A legacy of research
A collection of Mattox's research papers, housed at the Battle of Westport Visitor Center and Museum, recently was donated by the museum to the Library's Missouri Valley Special Collections (MVSC). The articles, photos, community newsletters, posters, and assorted documents reflect Mattox's devotion to historic preservation and in researching and writing about Kansas City's African American history. The materials will be cataloged by MVSC archivists and added to a previous collection of items donated by Mattox himself.
"Joe was not only a friend and supporter of MVSC, but also of numerous libraries, archives, and historical agencies throughout the city," says Jeremy Drouin, special collections manager. "He shared their mission in preserving and promoting Kansas City's history—whether it be a historic building, neighborhood, or event—and was never shy when it came to sharing his knowledge with others. Joe had the foresight to ensure his extensive research was preserved and available to future generations of historians who share his same passion. The Kansas City Public Library is grateful to be the archival home of his research papers."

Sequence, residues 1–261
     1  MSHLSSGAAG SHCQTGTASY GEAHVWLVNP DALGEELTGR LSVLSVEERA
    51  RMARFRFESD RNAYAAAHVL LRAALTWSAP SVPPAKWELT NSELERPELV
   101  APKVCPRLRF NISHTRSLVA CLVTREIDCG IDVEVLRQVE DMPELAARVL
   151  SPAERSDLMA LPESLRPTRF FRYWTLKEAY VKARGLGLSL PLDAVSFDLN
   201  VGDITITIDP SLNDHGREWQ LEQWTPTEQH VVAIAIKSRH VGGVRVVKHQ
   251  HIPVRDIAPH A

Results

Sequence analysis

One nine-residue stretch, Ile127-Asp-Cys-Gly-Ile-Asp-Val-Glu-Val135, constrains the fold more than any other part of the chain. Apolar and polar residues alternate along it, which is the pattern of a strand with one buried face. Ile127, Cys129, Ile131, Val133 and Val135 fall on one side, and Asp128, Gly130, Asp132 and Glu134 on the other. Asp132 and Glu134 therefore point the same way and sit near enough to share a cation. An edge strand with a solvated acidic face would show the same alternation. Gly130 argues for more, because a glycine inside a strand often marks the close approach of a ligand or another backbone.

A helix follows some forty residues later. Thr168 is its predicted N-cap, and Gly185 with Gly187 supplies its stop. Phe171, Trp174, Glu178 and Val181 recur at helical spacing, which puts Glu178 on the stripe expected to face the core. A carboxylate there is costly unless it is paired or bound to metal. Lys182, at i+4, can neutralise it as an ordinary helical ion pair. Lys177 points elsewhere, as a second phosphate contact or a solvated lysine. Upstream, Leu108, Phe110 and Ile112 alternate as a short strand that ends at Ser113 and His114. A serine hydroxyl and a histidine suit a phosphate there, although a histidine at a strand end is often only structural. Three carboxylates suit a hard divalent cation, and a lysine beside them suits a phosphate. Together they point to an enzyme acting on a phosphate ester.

Read more: An Appreciation: Joelouis Mattox >
N. Clark Smith was a prominent musician, composer, and instructor and one of the most accomplished African-American bandmasters of the early 20th century. Music and military discipline were instilled in the native Kansan at an early age. Born and raised in Leavenworth, he was greatly influenced by his father, a regimental trumpet player in the 24th Infantry. By the time he earned a degree in music arts from Chicago Musical College in 1905, Smith had organized and led numerous bands and garnered international acclaim as a bandmaster touring worldwide with a popular minstrel troupe. After graduation, he served as music director at the Tuskegee Institute in Alabama and Western University in eastern Kansas, and was bandmaster and military instructor at Lincoln High School in Kansas City from 1916-22. Although a stern taskmaster, Smith had a gift for cultivating an appreciation for music and developing the musical talents of his students. Several first-generation Kansas City jazz musicians, including Bennie Moten, Julia Lee, and Harlan Leonard, studied under him. As a composer, Smith drew inspiration from black folk and spiritual music and was awarded a Wanamaker Prize in 1930 for his Negro Folk Suite composition. He continued to compose and teach music until his death in 1935.